Not all southern plantations look like Tara or Twelve Oaks but all have histories that span generations. That is the case with Redcliffe Plantation in Beech Island, South Carolina. We spent an entire afternoon learning about the history of the plantation as well as the families and slaves who lived there. The interpretative history tours at Redcliffe are superb. We learned a great deal!
Our visit to Redcliffe Plantation took us well beyond the romance of the age and any idealized version of plantation life. The documented history of the plantation and what happened there is a stark and very real view into a plantation run by a powerful man. The complicated monster who was that man served his state and country, worked the slaves he owned and is one example of the ideology of those who supported the plantation system before, during and after Civil War days.
Redcliffe Plantation State Historic site’s mansion is a wooden 2-story house built on piers (as are most low country houses). The house was built on a hill to catch breezes with porches on all four sides of the house. At the time it was built, the Savannah River could be seen from those porches. The home was built by slaves.
The history of Redcliffe is long and includes James Henry Hammond’s lifelong fight for the institution of slavery, the histories of those enslaved, as well as the power and ambition of a man who documented his own scandalous and lewd behavior.
Redcliffe is an important site because:
- The remaining buildings are all original
- The operations of the plantation, plantings and administration of the property are detailed and were preserved in Hammond’s writings
- The families enslaved on the plantation have been fairly well documented and some descendants lived there until the 1990s!
- The history of 4 generations of owners is long and includes prestigious public service as well as diabolical behavior.
South Carolina was key to the slave industry. Records show that 40% of all people who would be enslaved in the U.S. were shipped through the port of Charleston, South Carolina. In 1860, the population of South Carolina was close to 703,000 people and some 402,000 of them were enslaved. * One of the reasons we wanted to visit Redcliffe was because original slave quarters still stand on the property today.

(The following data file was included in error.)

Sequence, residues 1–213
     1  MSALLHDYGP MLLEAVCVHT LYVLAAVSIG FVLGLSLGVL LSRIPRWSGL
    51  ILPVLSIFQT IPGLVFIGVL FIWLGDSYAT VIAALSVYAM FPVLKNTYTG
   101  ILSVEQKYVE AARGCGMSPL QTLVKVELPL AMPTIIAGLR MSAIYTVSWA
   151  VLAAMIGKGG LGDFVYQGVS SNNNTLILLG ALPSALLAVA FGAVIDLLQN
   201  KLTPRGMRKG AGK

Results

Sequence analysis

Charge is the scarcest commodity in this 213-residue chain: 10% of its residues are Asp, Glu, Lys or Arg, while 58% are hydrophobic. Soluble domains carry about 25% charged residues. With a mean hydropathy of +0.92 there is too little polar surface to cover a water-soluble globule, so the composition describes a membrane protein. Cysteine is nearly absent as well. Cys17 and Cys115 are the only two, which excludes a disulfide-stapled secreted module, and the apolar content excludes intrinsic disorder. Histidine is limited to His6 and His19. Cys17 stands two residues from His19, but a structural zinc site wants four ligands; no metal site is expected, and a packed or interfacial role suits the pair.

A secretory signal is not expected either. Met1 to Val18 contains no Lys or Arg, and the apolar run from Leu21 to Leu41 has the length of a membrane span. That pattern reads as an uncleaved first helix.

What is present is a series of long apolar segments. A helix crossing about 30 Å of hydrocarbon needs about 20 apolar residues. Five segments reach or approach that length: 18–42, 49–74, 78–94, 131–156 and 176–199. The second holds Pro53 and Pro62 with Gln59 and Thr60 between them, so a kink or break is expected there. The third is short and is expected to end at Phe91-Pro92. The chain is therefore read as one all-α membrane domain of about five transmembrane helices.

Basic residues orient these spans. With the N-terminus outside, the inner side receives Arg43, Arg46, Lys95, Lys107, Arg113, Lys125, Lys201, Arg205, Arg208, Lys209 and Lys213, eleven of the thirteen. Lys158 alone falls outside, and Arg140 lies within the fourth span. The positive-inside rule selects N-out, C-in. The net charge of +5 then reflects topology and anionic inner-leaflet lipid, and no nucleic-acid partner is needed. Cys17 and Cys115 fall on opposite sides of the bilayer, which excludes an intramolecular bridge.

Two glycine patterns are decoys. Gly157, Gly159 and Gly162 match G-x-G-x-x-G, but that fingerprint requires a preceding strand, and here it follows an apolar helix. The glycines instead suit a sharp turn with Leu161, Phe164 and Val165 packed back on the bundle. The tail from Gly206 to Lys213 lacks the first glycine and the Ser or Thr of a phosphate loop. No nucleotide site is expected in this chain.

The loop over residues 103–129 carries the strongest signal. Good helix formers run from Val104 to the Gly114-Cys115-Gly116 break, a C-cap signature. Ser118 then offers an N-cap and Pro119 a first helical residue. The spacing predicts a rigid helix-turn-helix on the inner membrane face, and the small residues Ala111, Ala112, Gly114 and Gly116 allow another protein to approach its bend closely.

THE PLANTATION’S BEGINNINGS
James Henry Hammond married a 17-year old woman who came from family wealth. Through marriage, Hammond was able to amass four plantations along the Savannah River with more than 14,000 acres of tillable land.
Hammond is the man who coined the term “Cotton Is King” in a speech to the US Senate in 1858.
In all social systems there must be a class to do the menial duties to perform the drudgery of life….It constitutes the very mudsill of society. You dare not make war on cotton-no power on earth dares make war upon it. Cotton is king.**
For James Henry Hammond (1807-1864), cotton was indeed king. With the wealth and power he attained with cotton, he built the 400-acre Greek Revival Redcliffe Plantation which was completed in 1859. Three generations of his family lived at Redcliffe after his death as well as generations of enslaved African-American families like the Henleys, Goodwins, and Wigfalls.
The crown jewel of his properties, Redcliffe was a non-working estate. Instead, 100 of the 400 acres were used to conduct agricultural experimentation including vineyards, orchards and to grow crops like indigo and sugar cane.
Hammond was an enormously successful cotton planter who later became a congressman, governor and senator. He spent his life defending the southern plantation system and slavery. Like Thomas Jefferson, Hammond kept extensive records on his plantings, and the administration of his plantations. Those records are treasured by historians.
In his lifetime, Hammond enslaved at least 330 men, women and children. Between 20 and 50 of them lived at Redcliffe Plantation. The freed descendants of the five or six families of slaves on Redcliffe continued to live on the property until the late 1990s!
JAMES HENRY HAMMOND
Hammond graduated from South Carolina College in 1825. Following graduation, he taught school, wrote for a newspaper and studied law. After his marriage, he became a member of the “planter class” and was elected to the US House of Representatives and served from 1835-1836.
He was elected Governor of South Carolina and served from 1842-1844. The legislature chose him to become a US Senator in 1857 and he served until 1860. His resignation from the Senate came when South Carolina voted to secede from the Union.
Hammond wrote numerous pro-slavery articles. He and colleagues believed that slavery was justified because of their “good” treatment of slaves as inferior beings. He wrote rules for the treatment of slaves on his plantation including how long mothers could nurse their babies, the clothing slaves wore, the food supplied to the slaves and what happened to slaves who became too old to work.
HAMMOND’S DIARIES AND HIS MONSTROUS BEHAVIOR